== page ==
A day in the life of… a Client Liaison Officer

Written by PayPlan on 29 June 2012

Today’s blog has been written by one of our Client Liaison Officers, Jane Armstrong.

I work in the client support department dealing with Debt Management Plans (DMP). My role is to make sure our clients’ income and expenditure details are up to date and sustainable and to look for any opportunities to save money for them. I also offer information on alternative debt solutions that may be available and beneficial for individual clients.

My main aim is to help our clients, firstly by giving them a realistic budget to suit their personal circumstances and then to make them aware of any potential savings they could make on their expenditure and help them plan for emergencies.  It also ensures that when our client’s circumstances change Payplan can continue to support them. Just before 9am I start my day by checking my calendar to see what appointments and activities I have booked. I check my emails and instant messages and complete as many as possible before 9am. 

Then I begin preparing a preliminary check of my first appointment.  If I have an annual review booked this is to make sure we have the most up to date information on the clients file as the creditors request an update once a year to keep the payment agreements in place.  I call the client and update their personal details and budget.  At the end of the call I confirm with the client the updated payment amount. Until lunchtime I continue completing annual reviews. After lunch I check my emails and instant messages again.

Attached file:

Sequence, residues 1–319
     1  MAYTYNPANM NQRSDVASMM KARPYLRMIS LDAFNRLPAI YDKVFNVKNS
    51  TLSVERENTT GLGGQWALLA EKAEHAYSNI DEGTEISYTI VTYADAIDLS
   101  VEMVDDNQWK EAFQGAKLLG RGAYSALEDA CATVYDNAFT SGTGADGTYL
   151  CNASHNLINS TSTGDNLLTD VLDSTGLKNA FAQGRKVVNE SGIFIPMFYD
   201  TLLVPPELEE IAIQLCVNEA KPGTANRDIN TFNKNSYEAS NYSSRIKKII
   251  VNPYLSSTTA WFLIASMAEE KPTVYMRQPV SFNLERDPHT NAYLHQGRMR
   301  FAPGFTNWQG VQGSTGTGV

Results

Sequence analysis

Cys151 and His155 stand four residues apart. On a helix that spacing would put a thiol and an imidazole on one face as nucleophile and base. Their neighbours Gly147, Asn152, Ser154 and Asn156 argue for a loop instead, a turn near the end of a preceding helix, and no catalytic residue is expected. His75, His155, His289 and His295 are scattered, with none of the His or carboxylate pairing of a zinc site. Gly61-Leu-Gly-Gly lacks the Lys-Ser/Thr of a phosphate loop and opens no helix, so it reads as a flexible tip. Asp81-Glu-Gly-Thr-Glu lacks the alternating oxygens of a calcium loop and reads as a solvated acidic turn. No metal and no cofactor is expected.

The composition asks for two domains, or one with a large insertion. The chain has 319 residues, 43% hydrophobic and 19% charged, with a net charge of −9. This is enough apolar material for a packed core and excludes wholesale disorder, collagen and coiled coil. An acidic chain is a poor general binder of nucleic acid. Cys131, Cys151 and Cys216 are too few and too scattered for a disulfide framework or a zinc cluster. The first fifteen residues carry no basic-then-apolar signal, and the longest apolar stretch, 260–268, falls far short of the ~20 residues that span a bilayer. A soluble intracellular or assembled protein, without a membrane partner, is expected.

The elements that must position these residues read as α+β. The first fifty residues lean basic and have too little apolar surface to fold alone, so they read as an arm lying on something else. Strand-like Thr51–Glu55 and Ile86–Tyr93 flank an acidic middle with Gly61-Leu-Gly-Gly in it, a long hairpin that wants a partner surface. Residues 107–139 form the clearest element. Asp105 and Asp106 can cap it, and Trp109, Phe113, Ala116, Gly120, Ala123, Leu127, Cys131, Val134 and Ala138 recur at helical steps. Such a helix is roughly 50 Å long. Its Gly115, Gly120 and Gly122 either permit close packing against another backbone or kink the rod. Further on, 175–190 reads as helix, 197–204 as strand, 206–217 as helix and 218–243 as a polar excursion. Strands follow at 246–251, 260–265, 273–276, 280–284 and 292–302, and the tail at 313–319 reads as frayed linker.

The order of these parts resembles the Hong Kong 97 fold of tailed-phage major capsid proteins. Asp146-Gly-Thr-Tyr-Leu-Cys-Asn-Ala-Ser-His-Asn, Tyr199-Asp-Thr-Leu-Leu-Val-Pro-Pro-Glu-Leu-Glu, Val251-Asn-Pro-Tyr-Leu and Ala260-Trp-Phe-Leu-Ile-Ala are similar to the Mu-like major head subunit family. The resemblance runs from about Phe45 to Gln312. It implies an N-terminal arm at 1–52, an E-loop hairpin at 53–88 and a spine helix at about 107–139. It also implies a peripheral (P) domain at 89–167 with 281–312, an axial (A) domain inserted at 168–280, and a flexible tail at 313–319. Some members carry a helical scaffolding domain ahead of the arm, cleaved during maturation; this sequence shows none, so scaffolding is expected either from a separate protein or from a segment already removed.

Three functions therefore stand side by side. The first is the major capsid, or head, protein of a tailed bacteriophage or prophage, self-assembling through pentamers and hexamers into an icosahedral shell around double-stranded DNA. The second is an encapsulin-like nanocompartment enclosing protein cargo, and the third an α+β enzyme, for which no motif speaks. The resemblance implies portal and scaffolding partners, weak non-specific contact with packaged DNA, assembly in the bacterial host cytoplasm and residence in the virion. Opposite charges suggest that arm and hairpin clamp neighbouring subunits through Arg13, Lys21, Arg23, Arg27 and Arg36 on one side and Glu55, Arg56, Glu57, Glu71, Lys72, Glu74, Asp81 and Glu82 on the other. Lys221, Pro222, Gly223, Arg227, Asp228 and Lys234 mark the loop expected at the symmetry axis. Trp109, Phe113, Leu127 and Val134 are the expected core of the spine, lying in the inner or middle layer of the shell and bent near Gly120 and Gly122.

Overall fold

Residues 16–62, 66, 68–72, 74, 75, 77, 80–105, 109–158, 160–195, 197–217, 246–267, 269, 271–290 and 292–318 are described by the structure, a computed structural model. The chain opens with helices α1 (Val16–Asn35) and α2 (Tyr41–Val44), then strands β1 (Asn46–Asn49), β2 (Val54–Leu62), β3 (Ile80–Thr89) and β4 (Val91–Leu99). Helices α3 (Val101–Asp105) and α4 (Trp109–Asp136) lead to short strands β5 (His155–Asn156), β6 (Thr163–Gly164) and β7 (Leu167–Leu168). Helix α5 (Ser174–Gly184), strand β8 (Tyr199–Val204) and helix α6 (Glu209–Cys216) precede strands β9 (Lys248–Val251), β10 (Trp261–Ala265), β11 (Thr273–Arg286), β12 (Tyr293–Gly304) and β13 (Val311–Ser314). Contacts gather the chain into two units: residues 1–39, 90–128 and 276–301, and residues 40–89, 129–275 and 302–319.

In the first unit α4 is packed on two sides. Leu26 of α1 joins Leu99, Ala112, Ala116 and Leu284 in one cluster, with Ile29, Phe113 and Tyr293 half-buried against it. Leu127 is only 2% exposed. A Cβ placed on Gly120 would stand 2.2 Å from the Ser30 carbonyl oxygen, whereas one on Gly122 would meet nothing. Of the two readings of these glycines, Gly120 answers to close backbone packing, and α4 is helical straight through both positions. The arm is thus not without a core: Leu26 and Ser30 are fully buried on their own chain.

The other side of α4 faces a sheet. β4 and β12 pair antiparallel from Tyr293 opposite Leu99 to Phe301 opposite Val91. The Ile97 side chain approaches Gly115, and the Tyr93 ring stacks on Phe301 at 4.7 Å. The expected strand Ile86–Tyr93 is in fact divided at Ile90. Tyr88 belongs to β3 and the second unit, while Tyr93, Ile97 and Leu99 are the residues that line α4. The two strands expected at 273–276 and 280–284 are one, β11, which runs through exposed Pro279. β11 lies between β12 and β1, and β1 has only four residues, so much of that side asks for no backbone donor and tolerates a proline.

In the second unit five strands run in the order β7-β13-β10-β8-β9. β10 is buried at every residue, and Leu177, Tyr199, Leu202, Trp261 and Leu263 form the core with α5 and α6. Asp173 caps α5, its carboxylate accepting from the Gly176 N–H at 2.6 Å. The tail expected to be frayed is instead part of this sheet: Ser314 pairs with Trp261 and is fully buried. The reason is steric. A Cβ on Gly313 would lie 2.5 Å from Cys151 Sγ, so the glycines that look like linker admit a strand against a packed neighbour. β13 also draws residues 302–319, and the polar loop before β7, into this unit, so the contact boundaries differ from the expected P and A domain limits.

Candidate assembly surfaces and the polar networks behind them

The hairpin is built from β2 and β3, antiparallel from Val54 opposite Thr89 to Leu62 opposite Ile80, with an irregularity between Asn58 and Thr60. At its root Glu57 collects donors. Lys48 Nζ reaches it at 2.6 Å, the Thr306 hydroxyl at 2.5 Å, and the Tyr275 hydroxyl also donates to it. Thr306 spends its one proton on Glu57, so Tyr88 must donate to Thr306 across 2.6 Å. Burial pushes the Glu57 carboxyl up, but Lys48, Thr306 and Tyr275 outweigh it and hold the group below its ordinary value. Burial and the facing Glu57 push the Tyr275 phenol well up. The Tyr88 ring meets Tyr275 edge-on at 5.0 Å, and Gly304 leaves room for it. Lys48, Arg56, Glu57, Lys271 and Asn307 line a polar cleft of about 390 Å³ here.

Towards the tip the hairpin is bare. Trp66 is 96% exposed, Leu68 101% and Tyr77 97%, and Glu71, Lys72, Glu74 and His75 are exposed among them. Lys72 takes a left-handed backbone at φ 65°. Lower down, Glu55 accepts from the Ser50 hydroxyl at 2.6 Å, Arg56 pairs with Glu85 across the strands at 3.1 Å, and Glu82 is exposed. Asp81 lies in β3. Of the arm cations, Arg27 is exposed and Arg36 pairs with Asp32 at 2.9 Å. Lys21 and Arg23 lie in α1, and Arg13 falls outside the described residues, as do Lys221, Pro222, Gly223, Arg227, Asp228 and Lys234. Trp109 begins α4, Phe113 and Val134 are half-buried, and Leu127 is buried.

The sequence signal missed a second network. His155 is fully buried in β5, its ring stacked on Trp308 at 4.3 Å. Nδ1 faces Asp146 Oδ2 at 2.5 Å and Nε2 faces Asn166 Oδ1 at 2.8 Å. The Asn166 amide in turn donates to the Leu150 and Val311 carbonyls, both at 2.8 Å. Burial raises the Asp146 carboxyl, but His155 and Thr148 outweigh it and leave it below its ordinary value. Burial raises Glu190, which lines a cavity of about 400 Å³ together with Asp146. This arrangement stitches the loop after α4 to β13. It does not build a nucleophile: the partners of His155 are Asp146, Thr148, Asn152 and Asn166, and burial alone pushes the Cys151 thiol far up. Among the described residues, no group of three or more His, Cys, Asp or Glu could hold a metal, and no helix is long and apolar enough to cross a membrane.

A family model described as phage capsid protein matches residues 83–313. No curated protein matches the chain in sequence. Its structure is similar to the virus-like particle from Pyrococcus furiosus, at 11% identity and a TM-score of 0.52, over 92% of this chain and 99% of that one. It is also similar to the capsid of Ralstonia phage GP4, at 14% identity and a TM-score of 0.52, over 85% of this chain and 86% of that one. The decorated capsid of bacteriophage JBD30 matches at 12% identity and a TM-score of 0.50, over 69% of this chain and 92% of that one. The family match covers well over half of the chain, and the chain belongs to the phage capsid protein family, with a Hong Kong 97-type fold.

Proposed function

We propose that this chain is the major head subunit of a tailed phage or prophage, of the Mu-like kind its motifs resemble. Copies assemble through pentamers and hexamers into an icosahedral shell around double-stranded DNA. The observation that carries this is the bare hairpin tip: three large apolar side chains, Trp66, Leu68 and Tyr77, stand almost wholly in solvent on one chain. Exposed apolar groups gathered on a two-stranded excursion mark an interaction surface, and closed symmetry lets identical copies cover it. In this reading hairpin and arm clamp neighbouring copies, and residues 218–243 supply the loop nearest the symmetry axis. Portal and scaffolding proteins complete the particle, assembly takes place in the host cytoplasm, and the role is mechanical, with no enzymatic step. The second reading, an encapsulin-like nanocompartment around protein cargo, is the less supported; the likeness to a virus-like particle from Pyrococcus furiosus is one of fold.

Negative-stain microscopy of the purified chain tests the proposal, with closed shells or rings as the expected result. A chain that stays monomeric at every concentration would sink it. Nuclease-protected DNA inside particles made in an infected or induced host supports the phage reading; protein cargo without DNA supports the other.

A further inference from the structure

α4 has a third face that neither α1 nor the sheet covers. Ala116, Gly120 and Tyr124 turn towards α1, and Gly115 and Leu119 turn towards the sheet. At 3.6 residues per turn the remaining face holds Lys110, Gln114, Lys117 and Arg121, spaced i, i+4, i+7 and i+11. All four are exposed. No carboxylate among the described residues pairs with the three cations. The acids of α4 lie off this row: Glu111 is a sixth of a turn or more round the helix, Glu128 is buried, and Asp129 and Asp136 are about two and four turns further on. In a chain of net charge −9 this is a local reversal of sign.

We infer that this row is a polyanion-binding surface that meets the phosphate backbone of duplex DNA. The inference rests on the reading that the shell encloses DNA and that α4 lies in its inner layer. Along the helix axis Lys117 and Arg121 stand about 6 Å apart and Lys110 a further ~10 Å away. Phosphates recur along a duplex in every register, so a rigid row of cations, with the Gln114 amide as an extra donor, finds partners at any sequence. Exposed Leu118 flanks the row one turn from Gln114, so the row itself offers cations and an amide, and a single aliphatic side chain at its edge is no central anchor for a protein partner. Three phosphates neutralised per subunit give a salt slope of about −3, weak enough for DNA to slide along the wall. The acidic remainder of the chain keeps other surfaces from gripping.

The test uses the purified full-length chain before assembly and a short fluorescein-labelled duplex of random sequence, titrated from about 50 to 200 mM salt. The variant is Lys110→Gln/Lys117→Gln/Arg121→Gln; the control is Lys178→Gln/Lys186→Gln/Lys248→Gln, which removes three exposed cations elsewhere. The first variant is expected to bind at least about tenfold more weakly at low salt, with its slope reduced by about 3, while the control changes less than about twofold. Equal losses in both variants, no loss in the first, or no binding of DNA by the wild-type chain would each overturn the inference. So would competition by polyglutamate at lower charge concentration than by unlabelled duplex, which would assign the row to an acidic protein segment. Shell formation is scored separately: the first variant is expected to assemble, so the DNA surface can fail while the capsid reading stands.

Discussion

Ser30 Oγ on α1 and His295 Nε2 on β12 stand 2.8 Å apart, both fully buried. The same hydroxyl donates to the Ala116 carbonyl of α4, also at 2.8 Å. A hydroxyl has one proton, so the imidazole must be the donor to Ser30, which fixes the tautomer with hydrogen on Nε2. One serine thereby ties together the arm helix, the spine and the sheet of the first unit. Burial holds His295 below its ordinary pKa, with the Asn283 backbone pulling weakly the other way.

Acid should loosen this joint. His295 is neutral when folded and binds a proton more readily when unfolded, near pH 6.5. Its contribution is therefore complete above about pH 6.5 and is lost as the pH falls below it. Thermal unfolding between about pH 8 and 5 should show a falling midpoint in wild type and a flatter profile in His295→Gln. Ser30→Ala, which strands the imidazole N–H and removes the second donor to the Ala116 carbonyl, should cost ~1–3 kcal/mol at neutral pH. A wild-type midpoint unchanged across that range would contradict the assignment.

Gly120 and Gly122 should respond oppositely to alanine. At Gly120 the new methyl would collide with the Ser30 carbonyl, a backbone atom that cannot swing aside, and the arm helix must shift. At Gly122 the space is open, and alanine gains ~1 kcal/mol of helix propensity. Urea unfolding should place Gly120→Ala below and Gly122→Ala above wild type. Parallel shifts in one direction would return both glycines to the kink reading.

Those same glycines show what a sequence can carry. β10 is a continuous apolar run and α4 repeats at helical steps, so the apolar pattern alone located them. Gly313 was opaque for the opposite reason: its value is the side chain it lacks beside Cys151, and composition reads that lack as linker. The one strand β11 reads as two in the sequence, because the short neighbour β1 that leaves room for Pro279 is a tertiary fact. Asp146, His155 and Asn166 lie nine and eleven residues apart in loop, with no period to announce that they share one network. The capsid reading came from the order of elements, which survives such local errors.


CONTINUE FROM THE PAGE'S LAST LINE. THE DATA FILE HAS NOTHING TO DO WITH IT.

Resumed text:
If I have one of my clients who is almost at the end of their plan I receive up to date information from colleagues in another department about the remaining balance and number of payments left. I confirm when the next review will be done and that we will be in contact again when that has been completed.  Friday is the day that I contact any of my clients who are struggling to maintain their payments.

This is an important part of my role because if creditors receive reduced, or no payments, they may see it as a breach of the agreement in place. If this happens they are highly likely to cancel the agreement and begin charging fees and interest on the accounts that may have been frozen or reduced during the agreement. I then continue to deal with emails and instant messages and call clients for their annual reviews. I feel proud every time a client thanks me or my colleagues for our help. 

Being part of our client’s solution is a reward every day.  My proudest moment was the first time I was able to offer one of my clients the option of an Individual Voluntary Arrangement (IVA), which meant they would pay off their debt sooner.

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This article was checked and deemed to be correct as at the above publication date, but please be aware that some things may have changed between then and now. So please don't rely on any of this information as a statement of fact, especially if the article was published some time ago.

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